And then the accountants came in and said “no no no, just make another 'Angel of Harlem' and we'll call it a day.”


And just as quickly we're back to whatever. These guitars are ANGRY! Or they're trying to convince me they are, anyway, and they're not really succeeding. It's a toothless dog with a truthless bark.

I was looking for a soul that’s real
Then I ran into you 

I laughed pretty hard at this realizing that Bono almost certainly did not intend the double meaning.


Might we get TWO interesting tracks? The opening synth arpeggio, harkening back to early Kraftwerk, is certainly unexpected and a bit more fresh than is usual for U2. But then Bono actually begins to sing and ruins it all. I really would like to hear more songs like “Numb” where Bono just becomes a sort of abstract vocal
texture in the background while The Edge sneeringly proses over the beat like some sort of sarcastic cross between Ken Nordine and Lyrics Born. In fact if U2 made songs like that all the time I'd probably forgive them for a lot of the horrible shit they've done.

Not the Negativland thing, though. They are never living that one down.


It really seems like they saved all the sonically interesting tracks for the end of the album. I'll bet if you listen to this disc in reverse order it sounds way better.

Soldier, soldier
We signed our lives away
Complete surrender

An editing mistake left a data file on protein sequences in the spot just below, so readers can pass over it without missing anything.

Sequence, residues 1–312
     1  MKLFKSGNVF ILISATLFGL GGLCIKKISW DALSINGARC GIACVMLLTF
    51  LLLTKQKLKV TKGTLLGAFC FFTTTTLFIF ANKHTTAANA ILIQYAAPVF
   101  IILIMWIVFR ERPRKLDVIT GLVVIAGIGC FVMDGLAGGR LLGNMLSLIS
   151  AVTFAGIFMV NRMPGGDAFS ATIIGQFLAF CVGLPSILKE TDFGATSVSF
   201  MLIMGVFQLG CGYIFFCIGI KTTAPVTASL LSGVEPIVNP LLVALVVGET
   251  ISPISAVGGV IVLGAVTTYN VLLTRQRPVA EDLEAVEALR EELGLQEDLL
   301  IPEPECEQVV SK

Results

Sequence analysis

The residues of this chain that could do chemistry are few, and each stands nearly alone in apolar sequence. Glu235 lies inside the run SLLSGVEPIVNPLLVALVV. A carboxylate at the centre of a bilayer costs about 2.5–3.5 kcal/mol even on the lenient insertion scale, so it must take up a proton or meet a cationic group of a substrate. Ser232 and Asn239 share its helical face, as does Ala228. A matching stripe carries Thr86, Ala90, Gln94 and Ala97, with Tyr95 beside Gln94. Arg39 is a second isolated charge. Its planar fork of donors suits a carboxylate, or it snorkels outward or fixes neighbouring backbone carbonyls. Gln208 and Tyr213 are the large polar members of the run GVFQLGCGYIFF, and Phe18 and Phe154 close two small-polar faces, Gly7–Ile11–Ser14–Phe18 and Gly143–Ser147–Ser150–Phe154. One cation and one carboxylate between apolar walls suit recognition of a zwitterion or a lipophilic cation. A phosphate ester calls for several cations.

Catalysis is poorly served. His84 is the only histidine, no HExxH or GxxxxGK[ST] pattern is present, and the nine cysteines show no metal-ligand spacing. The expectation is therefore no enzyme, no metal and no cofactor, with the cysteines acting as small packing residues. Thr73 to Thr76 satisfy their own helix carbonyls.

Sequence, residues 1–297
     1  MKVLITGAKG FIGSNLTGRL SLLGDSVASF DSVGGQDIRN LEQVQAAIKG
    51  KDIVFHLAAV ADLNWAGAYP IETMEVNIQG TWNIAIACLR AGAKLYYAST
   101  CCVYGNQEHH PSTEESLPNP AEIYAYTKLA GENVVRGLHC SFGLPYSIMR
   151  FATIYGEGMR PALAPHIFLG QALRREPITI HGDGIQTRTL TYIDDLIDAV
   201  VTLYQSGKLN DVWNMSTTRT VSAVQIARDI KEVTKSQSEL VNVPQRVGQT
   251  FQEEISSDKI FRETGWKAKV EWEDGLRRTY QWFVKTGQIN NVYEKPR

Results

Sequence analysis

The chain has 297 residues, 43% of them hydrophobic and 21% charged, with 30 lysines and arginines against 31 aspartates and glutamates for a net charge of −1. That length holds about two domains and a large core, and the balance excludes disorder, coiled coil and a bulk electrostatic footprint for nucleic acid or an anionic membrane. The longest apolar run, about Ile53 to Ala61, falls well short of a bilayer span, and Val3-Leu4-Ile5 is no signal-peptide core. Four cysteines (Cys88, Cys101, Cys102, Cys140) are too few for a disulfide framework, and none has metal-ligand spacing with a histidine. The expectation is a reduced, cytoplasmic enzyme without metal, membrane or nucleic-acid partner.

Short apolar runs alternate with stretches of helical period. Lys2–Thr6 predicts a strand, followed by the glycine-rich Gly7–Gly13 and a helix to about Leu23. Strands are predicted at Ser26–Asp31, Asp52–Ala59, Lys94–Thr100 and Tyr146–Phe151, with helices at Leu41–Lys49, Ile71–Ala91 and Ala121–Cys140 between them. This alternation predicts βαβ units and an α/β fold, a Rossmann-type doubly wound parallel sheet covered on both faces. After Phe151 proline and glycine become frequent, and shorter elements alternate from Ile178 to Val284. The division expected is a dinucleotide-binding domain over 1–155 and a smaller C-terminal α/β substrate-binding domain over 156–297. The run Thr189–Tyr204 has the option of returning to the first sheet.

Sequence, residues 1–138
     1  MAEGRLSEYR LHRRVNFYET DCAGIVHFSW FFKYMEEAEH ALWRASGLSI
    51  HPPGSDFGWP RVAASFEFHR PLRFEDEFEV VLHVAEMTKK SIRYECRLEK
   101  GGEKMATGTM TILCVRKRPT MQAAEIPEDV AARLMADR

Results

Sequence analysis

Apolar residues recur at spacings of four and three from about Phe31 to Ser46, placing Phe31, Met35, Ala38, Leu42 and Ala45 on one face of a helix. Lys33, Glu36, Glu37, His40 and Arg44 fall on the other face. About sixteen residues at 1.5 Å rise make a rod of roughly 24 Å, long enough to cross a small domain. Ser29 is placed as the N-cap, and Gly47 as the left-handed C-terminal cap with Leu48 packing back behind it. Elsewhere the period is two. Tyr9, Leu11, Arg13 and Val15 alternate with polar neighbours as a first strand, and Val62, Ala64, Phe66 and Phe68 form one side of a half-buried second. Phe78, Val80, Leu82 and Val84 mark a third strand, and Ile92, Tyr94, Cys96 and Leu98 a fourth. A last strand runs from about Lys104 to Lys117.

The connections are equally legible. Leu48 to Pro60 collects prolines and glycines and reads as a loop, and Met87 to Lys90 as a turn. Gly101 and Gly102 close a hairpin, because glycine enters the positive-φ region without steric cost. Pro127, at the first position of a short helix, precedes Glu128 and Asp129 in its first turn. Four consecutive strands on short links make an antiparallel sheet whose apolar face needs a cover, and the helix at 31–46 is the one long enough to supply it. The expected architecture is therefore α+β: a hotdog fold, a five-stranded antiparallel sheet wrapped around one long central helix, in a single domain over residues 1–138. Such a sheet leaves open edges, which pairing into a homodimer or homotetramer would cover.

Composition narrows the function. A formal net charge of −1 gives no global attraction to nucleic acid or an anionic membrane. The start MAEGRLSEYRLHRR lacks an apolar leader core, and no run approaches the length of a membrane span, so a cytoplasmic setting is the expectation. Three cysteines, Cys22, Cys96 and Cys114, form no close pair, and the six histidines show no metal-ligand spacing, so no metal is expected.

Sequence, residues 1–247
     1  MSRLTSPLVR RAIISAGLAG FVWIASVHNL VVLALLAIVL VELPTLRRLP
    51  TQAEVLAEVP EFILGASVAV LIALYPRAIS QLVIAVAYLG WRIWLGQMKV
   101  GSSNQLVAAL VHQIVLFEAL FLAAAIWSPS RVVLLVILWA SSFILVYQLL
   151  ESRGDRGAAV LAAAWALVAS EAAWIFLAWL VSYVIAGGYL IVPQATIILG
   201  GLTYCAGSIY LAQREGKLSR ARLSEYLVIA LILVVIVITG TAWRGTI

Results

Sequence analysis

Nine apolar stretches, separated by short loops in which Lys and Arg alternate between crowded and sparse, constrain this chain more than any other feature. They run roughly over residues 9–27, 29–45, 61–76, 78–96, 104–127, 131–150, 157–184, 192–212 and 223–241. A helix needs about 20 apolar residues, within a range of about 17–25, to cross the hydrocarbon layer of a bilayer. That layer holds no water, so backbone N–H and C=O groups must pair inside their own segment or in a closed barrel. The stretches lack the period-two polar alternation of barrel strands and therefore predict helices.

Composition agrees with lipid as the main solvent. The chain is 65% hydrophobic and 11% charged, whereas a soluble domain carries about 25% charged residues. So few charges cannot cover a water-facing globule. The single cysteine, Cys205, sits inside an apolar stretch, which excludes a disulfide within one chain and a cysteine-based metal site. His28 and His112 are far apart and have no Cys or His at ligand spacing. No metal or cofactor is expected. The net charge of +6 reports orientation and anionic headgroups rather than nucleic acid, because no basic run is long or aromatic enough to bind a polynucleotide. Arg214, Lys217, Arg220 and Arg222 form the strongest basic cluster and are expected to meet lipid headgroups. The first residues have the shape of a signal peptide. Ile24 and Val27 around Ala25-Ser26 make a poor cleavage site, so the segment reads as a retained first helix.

The only weapon we know

UH OH, IT'S A POLITICAL SONG. Except, no it's not. “Sunday Bloody Sunday” was about SOMETHING. This is just word jambalaya posing as Kony 2012. Also it's just way too upbeat for a political song. There is no such thing as political disco. The very concept of disco is antithetical to politics.


I'm not even going to poke fun at how U2 has never had anything remotely resembling “the troubles”, nor how this ham-handed reference to the Northern Ireland conflict smacks of class appropriation. Why bother? The evidence is clear: U2 believes their own bullshit. They genuinely think they are still a fresh, young, hip band with interesting things to say. There's not a trace of irony here, only delusion and denial in equal portions.

Getting old is terrifying. The world is constructed around the young, the energetic, and the creative, all of which are commodities that depreciate with time. U2 has lost their youth, and they were never that creative to start with; all they've ever really had was an astounding pool of energy. But who can keep that up at 54? Entropy takes us all; the body sags and stutters and refuses to do what it once did easily. U2 is dying, and like all Westerners they die not with peace and resolve, but with a last gasp for just one more moment of importance.

I've changed my mind. I don't hate U2. I pity them, and I understand now their drastic need for
a continued fantasy of unearned relevance. But God, I hope I die with a little more dignity.